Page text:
Skip to main content
The Independent Critic

Briana Evigan, Channing Tatum, Adam G. Sevani, Will Kemp
Jon Chu
Toni Ann Johnson, Karen Barna
Rated PG-13
97 Mins.
Buena Vista
 "Step Up 2 The Streets" Review 
Fresh on the heels of the vastly superior and more racialy in tune Canadian dance flick "How She Move," "Step Up 2 the Streets" hip hops into your local theatre featuring the freshest dance moves around ("WORD!") from the likes of real life Jamal Sims, Hi Hat and Dave Scott.

A loose sequel of 2006's Channing Tatum led "Step Up," "Step Up 2 the Streets" features Briana Evigan in the lead role of Andie, a street dancer in the 4-1-0 who ends up enrolled at the Maryland School for the Arts and, after her loyalty to 4-1-0 is questioned, she breaks out on her own with a ragtag team of street dancers with fiery moves all hyped and down for the obligatory movie ending rain-soaked dance-off.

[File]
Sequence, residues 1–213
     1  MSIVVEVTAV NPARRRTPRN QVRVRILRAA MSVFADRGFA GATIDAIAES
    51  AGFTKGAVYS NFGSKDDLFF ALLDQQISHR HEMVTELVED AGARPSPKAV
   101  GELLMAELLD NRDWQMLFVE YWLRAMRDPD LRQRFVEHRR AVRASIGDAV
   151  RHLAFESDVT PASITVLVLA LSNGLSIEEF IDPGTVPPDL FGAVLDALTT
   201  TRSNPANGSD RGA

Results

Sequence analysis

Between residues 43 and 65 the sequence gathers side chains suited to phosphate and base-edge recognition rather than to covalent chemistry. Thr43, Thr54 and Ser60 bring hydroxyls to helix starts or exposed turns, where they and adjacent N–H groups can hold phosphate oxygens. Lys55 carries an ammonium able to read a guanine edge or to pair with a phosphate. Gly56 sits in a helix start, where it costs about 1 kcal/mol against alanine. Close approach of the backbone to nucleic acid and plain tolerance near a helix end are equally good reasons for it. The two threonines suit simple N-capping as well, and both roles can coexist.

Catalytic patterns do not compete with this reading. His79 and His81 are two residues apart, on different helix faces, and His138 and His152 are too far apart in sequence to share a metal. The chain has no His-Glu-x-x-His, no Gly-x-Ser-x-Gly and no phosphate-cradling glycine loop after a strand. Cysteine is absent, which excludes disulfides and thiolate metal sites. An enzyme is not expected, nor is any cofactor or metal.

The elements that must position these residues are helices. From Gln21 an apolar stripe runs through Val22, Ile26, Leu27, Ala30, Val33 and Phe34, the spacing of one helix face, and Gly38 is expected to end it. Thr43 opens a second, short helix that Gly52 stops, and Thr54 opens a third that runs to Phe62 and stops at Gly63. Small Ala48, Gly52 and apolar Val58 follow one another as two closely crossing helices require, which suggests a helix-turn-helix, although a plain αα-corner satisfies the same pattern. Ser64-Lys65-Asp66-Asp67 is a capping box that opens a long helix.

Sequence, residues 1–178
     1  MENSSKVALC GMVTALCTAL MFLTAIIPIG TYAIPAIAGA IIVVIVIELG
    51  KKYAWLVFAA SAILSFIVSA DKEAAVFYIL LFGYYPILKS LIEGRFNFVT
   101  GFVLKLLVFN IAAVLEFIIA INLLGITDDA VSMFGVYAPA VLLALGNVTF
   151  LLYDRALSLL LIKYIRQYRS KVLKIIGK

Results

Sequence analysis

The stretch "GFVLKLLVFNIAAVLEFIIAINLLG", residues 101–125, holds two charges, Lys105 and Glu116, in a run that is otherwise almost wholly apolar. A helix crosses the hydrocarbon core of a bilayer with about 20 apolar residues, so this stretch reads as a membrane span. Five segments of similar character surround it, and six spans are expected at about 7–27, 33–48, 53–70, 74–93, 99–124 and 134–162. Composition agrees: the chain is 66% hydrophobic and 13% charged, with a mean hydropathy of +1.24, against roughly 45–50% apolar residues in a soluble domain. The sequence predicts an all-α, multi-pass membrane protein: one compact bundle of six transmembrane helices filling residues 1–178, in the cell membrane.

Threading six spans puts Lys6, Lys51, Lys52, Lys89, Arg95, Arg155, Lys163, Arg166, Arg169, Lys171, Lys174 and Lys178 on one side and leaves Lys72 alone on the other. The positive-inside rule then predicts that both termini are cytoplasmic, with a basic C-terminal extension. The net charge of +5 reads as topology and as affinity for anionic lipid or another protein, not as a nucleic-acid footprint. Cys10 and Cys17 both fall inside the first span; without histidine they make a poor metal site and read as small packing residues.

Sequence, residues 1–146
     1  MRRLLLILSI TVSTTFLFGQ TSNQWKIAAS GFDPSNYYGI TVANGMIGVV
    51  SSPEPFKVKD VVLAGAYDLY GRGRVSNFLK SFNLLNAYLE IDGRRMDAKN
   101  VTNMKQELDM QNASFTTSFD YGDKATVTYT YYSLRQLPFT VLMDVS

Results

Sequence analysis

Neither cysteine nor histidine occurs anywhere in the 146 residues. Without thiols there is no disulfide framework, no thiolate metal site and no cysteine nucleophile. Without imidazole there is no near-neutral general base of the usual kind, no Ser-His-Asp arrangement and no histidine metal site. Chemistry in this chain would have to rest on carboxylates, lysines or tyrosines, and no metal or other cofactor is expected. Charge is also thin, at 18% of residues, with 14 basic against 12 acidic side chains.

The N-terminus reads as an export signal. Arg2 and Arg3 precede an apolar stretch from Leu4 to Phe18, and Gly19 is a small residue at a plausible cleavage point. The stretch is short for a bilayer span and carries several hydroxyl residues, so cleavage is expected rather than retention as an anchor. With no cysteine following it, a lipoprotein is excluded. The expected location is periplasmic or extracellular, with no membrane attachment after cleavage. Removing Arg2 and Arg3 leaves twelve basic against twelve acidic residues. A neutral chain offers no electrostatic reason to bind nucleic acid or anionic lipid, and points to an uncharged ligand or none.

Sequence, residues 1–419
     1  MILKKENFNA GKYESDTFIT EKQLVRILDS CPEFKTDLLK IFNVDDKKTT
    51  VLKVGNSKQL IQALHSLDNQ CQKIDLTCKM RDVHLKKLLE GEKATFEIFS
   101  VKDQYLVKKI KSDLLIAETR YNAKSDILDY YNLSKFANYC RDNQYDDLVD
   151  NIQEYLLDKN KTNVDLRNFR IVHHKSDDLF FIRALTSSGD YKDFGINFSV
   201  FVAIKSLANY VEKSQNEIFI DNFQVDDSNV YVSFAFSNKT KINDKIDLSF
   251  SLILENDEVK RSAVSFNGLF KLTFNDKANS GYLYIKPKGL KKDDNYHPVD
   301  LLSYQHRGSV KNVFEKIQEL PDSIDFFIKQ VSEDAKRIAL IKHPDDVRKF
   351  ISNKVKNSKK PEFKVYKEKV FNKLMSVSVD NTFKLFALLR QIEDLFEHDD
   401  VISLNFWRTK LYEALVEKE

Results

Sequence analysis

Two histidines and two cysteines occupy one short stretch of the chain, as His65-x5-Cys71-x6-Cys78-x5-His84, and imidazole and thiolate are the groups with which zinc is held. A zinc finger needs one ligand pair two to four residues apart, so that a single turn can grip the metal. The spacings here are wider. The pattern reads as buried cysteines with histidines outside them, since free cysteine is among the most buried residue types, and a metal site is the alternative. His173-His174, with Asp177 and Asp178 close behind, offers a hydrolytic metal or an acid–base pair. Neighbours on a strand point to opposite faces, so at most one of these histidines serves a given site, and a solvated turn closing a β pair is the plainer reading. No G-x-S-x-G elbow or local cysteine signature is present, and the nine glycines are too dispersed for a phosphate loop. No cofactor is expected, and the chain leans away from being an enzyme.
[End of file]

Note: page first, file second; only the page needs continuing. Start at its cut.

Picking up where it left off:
Watching "Step Up 2," I was immediately reminded of the massive drop in talent between Kirsten Dunst's "Bring It On" and the sequels that followed that surprisingly entertaining outing. The odd thing here, however, is that nobody in "Step Up" was particularly talented, thus, the considerable drop in talent is downright traumatic.

"Step Up 2" is literally filled with standard movie cliche's, almost to the point that one expects Debbie Allen to saunter in belting out "Fame" during one of the film's many dance scenes.

Despite the sub-par lead performance, "Step Up 2" works far better than one might think largely owing to director Jon Chu's ability to keep the film fast-paced and to keep Evigan dancing more than actually speaking.

Andie's fellow dancers at the Maryland School of the Arts include the required rich guy (Robert Hoffman), the geek (Adam G. Sevani) and the rich guy's hip hop-hating brother/dance instructor (Will Kemp). They all dance electrifyingly but, again, offer nothing special in the way of memorable performances.

As further proof of the idiocy of the Hollywood distribution machine, "Step Up 2 the Streets" opens up in wide release this weekend while the far superior "How She Move" languishes in relative obscurity on the arthouse circuit.

While its dance moves are mezmerizing, "Step Up 2 the Streets" sinks in the all too familiar potholes called bad acting and a storyline we've seen far too many times before.

© Written by Richard Propes
The Independent Critic